2. Deploy AI in your systems with just a few lines of code

Python is a beginner-friendly language and is widely used in different DIY and software projects. That’s why we choose Python as a language to focus on. This section introduces some examples of how Daisykit can be applied for AI tasks.

Currently, Daisykit supports six models from different sources. See the details about each model here. The list of supported models:

For each model, we have inference code, and some models have links to training source code. Please don’t worry about the limited number of models for now. We are adding more and more models so that people can only have to select and run. We will also add training code and tutorials for as many models as possible. Some models will be added soon to our framework:

Install Daisykit for Python

We have prebuilt Python packages for Linux x86_64 and Windows x86_64 only CPU now. For other environments or GPU support, you need to install OpenCV C++, Vulkan and build the Python package from scratch.

Install on Ubuntu:

1sudo apt install pybind11-dev libopencv-dev libvulkan-dev # Dependencies
2pip3 install --upgrade pip # Ensure pip is updated
3pip3 install daisykit

Install on Windows:

1pip3 install daisykit

We prepared a Google Colab notebook here for all demo applications for ease of environment setup. However, due to the limitations of the Colab environment, we only run the demo with images here. Link to Colab notebook: https://colab.research.google.com/drive/1LFg3xcoFr3wxuJmn3c4LEJiW2G7oP7F5?usp=sharing.

Face detection flow: Detect faces + landmark

Face detector flow in Daisykit contains a face detection model based on YOLO Fastest and a facial landmark detection model based on PFLD. In addition, to encourage makers to join hands in the fighting with COVID-19, we selected a face detection model that can recognize people wearing face masks or not.

 

Let’s see into the source code below to understand how to run this model with your webcam. First, we initialize the flow with a config dictionary. It contains information about the models used in the flow. get_asset_file() function will automatically download the models and weights files from https://github.com/Daisykit-AI/daisykit-assets, so you don’t have to care about downloading them manually. The downloading only happens the first time we use the models. After that, you can run this code offline. You also can download all files yourself and put the paths to file in instead of get_asset_file(<assets address>). If you don’t need facial landmark output, set with_landmark to False.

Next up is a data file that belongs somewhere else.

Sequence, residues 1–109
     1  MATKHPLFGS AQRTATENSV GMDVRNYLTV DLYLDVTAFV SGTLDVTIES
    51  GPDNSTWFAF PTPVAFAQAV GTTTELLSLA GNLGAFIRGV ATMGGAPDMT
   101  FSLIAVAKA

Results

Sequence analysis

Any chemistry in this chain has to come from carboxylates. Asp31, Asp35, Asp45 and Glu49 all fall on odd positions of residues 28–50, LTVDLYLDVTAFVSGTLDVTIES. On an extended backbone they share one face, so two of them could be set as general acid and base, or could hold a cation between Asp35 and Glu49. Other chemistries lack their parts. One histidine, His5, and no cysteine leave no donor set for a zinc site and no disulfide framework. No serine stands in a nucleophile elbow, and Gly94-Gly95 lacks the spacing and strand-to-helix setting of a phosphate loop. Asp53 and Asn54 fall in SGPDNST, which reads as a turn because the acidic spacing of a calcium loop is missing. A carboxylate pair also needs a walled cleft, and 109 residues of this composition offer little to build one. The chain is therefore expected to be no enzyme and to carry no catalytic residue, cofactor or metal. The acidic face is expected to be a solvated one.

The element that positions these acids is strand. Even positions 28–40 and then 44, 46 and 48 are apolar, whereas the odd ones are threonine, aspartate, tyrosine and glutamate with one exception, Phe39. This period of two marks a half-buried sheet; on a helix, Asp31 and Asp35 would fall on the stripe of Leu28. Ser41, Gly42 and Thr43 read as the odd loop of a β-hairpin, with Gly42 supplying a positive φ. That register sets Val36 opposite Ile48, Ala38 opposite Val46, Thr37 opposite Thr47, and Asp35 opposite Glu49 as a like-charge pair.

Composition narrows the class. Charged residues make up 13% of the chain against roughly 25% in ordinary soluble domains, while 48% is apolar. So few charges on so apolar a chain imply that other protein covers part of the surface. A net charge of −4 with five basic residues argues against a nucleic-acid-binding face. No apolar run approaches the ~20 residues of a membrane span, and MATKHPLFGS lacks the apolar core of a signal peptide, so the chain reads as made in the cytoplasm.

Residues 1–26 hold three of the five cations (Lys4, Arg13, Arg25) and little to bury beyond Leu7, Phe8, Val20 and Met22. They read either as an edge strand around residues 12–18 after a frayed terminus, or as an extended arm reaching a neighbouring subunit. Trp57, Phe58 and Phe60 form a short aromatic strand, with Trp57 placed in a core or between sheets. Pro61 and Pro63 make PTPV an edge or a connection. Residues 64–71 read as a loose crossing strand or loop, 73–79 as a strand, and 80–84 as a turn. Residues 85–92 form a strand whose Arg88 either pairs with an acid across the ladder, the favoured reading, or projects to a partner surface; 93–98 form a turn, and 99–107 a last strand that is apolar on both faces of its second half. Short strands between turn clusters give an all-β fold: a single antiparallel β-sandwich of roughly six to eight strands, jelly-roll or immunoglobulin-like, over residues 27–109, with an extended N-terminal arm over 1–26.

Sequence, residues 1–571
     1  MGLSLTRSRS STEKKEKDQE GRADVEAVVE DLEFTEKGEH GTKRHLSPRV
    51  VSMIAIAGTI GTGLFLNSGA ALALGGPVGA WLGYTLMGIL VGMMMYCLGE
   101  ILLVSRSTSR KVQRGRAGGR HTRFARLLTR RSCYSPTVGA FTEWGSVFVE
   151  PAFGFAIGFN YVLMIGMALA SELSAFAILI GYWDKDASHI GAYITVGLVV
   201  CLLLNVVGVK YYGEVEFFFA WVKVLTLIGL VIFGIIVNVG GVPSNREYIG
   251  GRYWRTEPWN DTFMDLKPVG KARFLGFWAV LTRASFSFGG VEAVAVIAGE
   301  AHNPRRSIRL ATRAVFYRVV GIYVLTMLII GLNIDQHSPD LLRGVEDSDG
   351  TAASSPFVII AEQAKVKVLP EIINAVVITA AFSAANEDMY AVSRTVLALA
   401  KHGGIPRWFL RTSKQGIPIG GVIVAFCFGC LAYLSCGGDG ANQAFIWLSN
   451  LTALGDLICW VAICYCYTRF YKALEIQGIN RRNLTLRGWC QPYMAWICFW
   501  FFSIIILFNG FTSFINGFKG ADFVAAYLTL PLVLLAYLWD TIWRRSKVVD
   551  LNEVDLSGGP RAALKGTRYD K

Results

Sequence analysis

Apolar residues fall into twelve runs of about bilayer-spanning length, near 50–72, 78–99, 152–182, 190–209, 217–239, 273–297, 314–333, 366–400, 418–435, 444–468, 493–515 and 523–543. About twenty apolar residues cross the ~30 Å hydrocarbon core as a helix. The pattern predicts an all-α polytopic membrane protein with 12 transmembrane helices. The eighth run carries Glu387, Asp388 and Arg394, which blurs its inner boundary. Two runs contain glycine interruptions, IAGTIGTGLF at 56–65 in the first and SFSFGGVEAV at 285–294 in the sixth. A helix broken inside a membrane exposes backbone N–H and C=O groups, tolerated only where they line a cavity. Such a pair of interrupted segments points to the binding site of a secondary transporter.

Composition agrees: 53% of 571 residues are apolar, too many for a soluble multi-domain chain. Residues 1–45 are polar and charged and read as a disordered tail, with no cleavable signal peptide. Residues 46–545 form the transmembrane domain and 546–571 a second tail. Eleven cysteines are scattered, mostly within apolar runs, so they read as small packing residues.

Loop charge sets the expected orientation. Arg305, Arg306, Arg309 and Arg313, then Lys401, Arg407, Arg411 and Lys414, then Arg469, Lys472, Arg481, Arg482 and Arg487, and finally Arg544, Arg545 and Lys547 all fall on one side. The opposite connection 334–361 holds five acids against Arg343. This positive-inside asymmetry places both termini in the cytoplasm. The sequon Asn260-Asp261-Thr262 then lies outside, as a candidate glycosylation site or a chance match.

1import cv2
 2import json
 3from daisykit.utils import get_asset_file, to_py_type
 4import daisykit
 5
 6config = {
 7    "face_detection_model": {
 8        "model": get_asset_file("models/face_detection/yolo_fastest_with_mask/yolo-fastest-opt.param"),
 9        "weights": get_asset_file("models/face_detection/yolo_fastest_with_mask/yolo-fastest-opt.bin"),
10        "input_width": 320,
11        "input_height": 320,
12        "score_threshold": 0.7,
13        "iou_threshold": 0.5,
14        "use_gpu": False
15    },
16    "with_landmark": True,
17    "facial_landmark_model": {
18        "model": get_asset_file("models/facial_landmark/pfld-sim.param"),
19        "weights": get_asset_file("models/facial_landmark/pfld-sim.bin"),
20        "input_width": 112,
21        "input_height": 112,
22        "use_gpu": False
23    }
24}
25
26face_detector_flow = daisykit.FaceDetectorFlow(json.dumps(config))
27
28# Open video stream from webcam
29vid = cv2.VideoCapture(0)
30
31while(True):
32
33    # Capture the video frame
34    ret, frame = vid.read()
35
36    frame = cv2.cvtColor(frame, cv2.COLOR_BGR2RGB)
37
38    faces = face_detector_flow.Process(frame)
39    # for face in faces:
40    #     print([face.x, face.y, face.w, face.h,
41    #           face.confidence, face.wearing_mask_prob])
42    face_detector_flow.DrawResult(frame, faces)
43
44    frame = cv2.cvtColor(frame, cv2.COLOR_RGB2BGR)
45
46    # Convert faces to Python list of dict
47    faces = to_py_type(faces)
48
49    # Display the resulting frame
50    cv2.imshow('frame', frame)
51
52    # The 'q' button is set as the
53    # quitting button you may use any
54    # desired button of your choice
55    if cv2.waitKey(1) & 0xFF == ord('q'):
56        break
57
58# After the loop release the cap object
59vid.release()
60# Destroy all the windows
61cv2.destroyAllWindows()
62

All flows in Daisykit are initialized by a configuration string. Therefore we use json.dumps() to convert the config dictionary to a string. For example, in face detector flow:

1face_detector_flow = daisykit.FaceDetectorFlow(json.dumps(config))

Run the flow to get detected faces by:

1faces = face_detector_flow.Process(frame)

You can use the DrawResult() method to visualize the result or write a drawing function yourself. This AI flow can be used in DIY projects such as smart COVID-19 camera or Snap-chat-like camera decorators.

Human pose detection flow

The human pose detector module contains an SSD-MobileNetV2 body detector and a ported Google MoveNet model for human keypoints. This module can be applied in fitness applications and AR games.

 

Source code:

 1import cv2
 2import json
 3from daisykit.utils import get_asset_file, to_py_type